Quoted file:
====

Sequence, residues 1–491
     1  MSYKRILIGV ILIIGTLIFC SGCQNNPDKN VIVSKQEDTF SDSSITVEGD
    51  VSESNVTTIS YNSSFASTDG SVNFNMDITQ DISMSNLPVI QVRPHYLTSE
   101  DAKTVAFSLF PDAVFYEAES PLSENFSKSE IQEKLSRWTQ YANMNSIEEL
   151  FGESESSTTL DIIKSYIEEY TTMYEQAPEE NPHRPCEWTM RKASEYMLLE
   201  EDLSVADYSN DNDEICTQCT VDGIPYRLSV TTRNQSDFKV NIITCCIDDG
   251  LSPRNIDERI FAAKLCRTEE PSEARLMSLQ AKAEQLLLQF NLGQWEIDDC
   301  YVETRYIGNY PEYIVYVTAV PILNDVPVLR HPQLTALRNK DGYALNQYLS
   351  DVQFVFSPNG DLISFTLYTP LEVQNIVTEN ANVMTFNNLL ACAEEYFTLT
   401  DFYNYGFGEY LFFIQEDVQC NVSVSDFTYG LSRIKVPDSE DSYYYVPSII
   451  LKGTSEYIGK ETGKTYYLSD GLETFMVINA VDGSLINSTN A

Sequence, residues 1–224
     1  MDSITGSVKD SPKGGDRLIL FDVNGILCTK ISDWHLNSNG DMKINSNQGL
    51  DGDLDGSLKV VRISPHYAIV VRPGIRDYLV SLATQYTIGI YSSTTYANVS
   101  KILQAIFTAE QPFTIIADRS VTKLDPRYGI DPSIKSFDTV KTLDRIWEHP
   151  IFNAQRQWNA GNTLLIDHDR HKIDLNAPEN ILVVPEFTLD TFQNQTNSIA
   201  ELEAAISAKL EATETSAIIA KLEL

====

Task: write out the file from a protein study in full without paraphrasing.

Sequence, residues 1–491
     1  MSYKRILIGV ILIIGTLIFC SGCQNNPDKN VIVSKQEDTF SDSSITVEGD
    51  VSESNVTTIS YNSSFASTDG SVNFNMDITQ DISMSNLPVI QVRPHYLTSE
   101  DAKTVAFSLF PDAVFYEAES PLSENFSKSE IQEKLSRWTQ YANMNSIEEL
   151  FGESESSTTL DIIKSYIEEY TTMYEQAPEE NPHRPCEWTM RKASEYMLLE
   201  EDLSVADYSN DNDEICTQCT VDGIPYRLSV TTRNQSDFKV NIITCCIDDG
   251  LSPRNIDERI FAAKLCRTEE PSEARLMSLQ AKAEQLLLQF NLGQWEIDDC
   301  YVETRYIGNY PEYIVYVTAV PILNDVPVLR HPQLTALRNK DGYALNQYLS
   351  DVQFVFSPNG DLISFTLYTP LEVQNIVTEN ANVMTFNNLL ACAEEYFTLT
   401  DFYNYGFGEY LFFIQEDVQC NVSVSDFTYG LSRIKVPDSE DSYYYVPSII
   451  LKGTSEYIGK ETGKTYYLSD GLETFMVINA VDGSLINSTN A

Sequence, residues 1–224
     1  MDSITGSVKD SPKGGDRLIL FDVNGILCTK ISDWHLNSNG DMKINSNQGL
    51  DGDLDGSLKV VRISPHYAIV VRPGIRDYLV SLATQYTIGI YSSTTYANVS
   101  KILQAIFTAE QPFTIIADRS VTKLDPRYGI DPSIKSFDTV KTLDRIWEHP
   151  IFNAQRQWNA GNTLLIDHDR HKIDLNAPEN ILVVPEFTLD TFQNQTNSIA
   201  ELEAAISAKL EATETSAIIA KLEL